Earth Scientists visit the Malvern Hills

Photo: Homerton College Earth Scientists at the Malvern hills.

On a rather nippy May morning Homerton College Earth Scientists sallied forth to the Malvern Hills on the Herefordshire/Worcestershire borders. The purpose of the trip was to provide a stimulating revision experience as an alternative to the sometimes, relentless process of more formal examination preparation strategies.

The students had the opportunity to brush-up their igneous and sedimentary rock description and identification skills, to pull together many of the elements of the ‘Geological History of the British Isles’ section of the course and to engage in some discursive and deductive dialogue drawing upon their current understanding to explain the phenomena under their feet and within their view. They also found a fossil or two to bring home!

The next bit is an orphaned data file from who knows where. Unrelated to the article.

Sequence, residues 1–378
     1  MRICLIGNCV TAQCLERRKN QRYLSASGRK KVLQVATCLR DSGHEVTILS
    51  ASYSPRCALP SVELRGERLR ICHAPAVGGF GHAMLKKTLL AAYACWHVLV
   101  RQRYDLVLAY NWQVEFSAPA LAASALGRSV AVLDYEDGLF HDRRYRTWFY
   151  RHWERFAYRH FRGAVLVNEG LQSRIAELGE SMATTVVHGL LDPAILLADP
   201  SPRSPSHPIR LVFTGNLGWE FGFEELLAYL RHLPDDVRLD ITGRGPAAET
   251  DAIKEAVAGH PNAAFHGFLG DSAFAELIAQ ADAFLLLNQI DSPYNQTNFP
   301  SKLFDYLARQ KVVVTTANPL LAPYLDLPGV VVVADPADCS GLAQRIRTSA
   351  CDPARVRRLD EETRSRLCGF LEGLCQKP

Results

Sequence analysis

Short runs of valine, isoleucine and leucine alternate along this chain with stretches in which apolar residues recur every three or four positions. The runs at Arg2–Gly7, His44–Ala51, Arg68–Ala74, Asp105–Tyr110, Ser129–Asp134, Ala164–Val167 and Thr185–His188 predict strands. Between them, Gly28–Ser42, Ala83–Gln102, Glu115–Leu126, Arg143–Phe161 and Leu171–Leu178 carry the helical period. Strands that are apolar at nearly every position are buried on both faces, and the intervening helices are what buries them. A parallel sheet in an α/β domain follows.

Cultural breadth was added by reference to the prologue of Langland’s ‘Piers Ploughman’ (Text A) in the original Middle English:

In a somer seson, whan softe was the sonne,

I shoop me into shroudes as I a sheep were,

In habite as an heremite unholy of werkes,

Wente wide in this world wondres to here.

Ac on a May morwenynge on Malverne hilles.

Me bifel a ferly, of Fairye me thought.

It just seemed fitting that on a May morning we were astride the Malvern ridge and looking out across the Severn Valley to the East and able to see the ‘felde fulle of folke’. The aspect was such that we could also see Houseman’s ‘Blue Remembered Hills’ in his land of lost content, beyond to ‘Wenlock Edge’ and then back to the East and ‘Bredon Hill’... inspired by the power of the land and the geology that shaped it.

Despite all this, everyone seemed to enjoy the day!